INTERIOR: An upstairs room in an old house with antique wallpaper hanging loose in some places. Snow is seen on fir trees outside the window. There is a bed in front of the window. There are blankets on the bed and the lump of a small person under them. The blankets are dark in color, but white covers the center. The lump moves slightly and a face peeks out.

BOY: It is cold! The water in my cup is frozen solid, again. I don’t want to get up. The floor will be cold, my clothes will be cold. I wish I could reach my clothes, then I could warm them up in here with me before I put them on.

The boy squirms around a little.

BOY: The blankets are making a strange sound. They’ve never crunched before. What’s happened?

The boy looks up and over the blankets on his bed.

BOY: SNOW?!?! How did snow get on my bed? And so much Snow! I’ve got to get it off before the room gets warm enough for it to melt. I don’t want wet blankets and a wet bed. But I’ve got to be careful not to get the floor wet, or I’ll be in trouble.

Very slowly the boy slides out of bed, careful not to disturb the snow on top of his blankets. He stands beside his bed and looks at the problem of the snow. Soon, he begins to shiver and shake. He takes one corner of the blanket close to him and folds it up and over toward the center of the blanket. He takes the other corner close to him and folds it over. Next to carefully crawls over the end of the bed, reaches the corner of the blanket there, and pulls it also to the center of the bed. Then he brings the last corner over.
The boy very carefully picks up the blanket by the corners together in the center and pulls it off the bed without spilling any of the snow. He carries this down dimly lit stairs and into the bathroom where he turns on the light. There he opens the blanket and lets the snow fall into the bathtub. He shakes the blanket to get as much snow as possible off the blanket, then folds it together, keeping the snowed on side on the inside and goes back up to his room.
In his room, he carefully opens the blanket in such a way that air can circulate freely on both sides of the blanket. When he is satisfied with this, he begins to get dressed.

INTERIOR: Rooms are shown in dim light with no people.

The boy comes out of his room, dressed and goes to the back door where he takes his coat off the hook on the wall, puts it on and goes out the door, careful not to make noise.

EXTERIOR: A cluttered back porch with some snow and back yard with a pond.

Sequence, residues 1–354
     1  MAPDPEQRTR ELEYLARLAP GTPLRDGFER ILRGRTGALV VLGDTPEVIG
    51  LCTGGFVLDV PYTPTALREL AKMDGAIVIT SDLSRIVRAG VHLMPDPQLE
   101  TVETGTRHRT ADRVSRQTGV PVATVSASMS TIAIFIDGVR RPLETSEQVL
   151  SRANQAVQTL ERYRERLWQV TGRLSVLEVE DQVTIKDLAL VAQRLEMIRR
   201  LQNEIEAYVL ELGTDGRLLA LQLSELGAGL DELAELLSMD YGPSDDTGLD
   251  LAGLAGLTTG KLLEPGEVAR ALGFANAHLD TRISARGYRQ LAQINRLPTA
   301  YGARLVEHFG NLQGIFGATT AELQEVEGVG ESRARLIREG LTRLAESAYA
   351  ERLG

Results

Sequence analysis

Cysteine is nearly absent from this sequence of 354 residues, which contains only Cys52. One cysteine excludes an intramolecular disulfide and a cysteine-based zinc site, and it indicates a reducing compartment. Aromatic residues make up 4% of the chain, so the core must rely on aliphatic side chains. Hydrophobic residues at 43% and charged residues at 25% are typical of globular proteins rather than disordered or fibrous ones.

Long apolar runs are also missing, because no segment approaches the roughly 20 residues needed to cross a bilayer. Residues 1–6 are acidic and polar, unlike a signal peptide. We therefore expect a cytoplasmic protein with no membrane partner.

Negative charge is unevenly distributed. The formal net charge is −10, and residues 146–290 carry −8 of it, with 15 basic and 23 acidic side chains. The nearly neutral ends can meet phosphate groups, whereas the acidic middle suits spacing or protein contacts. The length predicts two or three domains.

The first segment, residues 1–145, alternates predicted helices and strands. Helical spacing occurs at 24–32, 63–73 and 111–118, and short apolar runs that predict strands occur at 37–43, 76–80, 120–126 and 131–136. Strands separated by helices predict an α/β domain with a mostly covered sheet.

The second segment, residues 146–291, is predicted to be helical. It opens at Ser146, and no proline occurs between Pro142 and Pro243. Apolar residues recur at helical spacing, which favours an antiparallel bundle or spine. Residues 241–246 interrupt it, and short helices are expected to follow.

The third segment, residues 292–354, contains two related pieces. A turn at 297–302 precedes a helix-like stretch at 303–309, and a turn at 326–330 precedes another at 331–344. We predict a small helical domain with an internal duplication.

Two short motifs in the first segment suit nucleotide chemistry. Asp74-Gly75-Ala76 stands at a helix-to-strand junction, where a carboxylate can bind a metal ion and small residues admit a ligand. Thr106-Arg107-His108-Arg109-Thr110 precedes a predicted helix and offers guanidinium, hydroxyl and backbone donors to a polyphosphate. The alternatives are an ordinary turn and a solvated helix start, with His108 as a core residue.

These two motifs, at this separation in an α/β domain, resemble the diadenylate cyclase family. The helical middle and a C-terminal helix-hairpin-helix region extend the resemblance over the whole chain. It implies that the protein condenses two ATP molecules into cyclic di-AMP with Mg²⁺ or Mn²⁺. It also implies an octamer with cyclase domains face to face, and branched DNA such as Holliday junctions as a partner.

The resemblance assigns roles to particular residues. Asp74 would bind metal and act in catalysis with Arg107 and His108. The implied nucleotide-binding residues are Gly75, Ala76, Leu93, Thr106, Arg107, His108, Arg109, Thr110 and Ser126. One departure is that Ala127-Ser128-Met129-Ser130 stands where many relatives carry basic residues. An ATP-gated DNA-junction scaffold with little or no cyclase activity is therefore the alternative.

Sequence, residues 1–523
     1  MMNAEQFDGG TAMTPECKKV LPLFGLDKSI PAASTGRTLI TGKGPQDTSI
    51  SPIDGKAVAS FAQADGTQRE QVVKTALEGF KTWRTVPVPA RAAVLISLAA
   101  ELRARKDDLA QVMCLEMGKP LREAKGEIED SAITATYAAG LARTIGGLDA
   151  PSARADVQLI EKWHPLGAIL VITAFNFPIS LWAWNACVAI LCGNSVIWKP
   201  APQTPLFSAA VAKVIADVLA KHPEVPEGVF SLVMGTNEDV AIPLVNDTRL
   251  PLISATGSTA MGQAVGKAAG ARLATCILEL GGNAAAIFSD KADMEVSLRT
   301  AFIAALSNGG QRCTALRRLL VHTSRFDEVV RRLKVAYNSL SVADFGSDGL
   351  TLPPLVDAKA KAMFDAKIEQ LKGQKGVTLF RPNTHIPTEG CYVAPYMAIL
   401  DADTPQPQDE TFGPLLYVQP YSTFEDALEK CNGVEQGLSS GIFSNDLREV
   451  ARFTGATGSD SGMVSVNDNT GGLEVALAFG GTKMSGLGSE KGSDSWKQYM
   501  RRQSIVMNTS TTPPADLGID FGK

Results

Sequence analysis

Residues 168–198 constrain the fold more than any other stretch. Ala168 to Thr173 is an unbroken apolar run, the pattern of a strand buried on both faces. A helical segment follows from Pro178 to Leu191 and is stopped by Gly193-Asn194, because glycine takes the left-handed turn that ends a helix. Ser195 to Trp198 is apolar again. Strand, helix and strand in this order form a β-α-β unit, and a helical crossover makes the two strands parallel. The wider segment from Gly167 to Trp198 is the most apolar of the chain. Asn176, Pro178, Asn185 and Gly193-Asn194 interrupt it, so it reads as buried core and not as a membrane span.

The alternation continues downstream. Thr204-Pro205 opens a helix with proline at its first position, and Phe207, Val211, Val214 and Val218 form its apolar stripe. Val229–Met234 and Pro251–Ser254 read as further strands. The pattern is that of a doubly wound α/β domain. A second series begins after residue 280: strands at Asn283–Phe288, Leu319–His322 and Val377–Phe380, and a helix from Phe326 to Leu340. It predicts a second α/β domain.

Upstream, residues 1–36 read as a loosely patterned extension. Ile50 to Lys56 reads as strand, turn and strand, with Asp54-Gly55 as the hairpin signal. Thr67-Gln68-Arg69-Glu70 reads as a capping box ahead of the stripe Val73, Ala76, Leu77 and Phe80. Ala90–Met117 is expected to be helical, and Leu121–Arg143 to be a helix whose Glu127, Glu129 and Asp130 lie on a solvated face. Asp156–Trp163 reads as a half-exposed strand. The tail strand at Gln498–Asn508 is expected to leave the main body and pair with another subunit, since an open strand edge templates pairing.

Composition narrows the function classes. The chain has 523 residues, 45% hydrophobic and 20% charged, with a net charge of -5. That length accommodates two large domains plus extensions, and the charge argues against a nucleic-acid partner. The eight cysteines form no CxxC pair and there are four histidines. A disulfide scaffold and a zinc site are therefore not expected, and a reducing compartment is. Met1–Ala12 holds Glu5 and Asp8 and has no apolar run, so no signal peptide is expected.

As the boy walks away from the back door, across the porch, he picks up an ax leaning against the wall of the house and a large empty bucket, and carries these down the porch steps. He walks across the yard to the pond. He walks to a spot on the side of the pond where a roughly shaped square had been chopped into the ice. He stares at the square, then uses the ax to chop through the night’s frozen layer. When it is broken through, he dips the bucket into the water and hauls it up about half full.

BOY: I wish water didn’t weigh so much. It seems a lot heavier in the winter than in summer. Having so many layers of clothes is awkward too, but the chickens need water and it’s my job. If they don’t have water, they can’t lay eggs. We need the eggs to eat.

He begins to walk away from the pond, ax in one hand, bucket awkwardly in the other. As he walks, he glances at the house and sees a downstairs light come on. He nods his head and goes to a small shed, unlocks the hook on the outside of the door and goes in.

INTERIOR of a small chicken house: Chickens are milling about.

Inside the chicken house, he boy shuts and hooks the door behind him. He sets down the ax and pours water into a small, empty trough.

BOY: Now I can get ready for school.

One thought on “One Boy’s Life by Duane L. Herrmann

Leave a Reply

Fill in your details below or click an icon to log in:

WordPress.com Logo

You are commenting using your WordPress.com account. Log Out /  Change )

Google photo

You are commenting using your Google account. Log Out /  Change )

Twitter picture

You are commenting using your Twitter account. Log Out /  Change )

Facebook photo

You are commenting using your Facebook account. Log Out /  Change )

Connecting to %s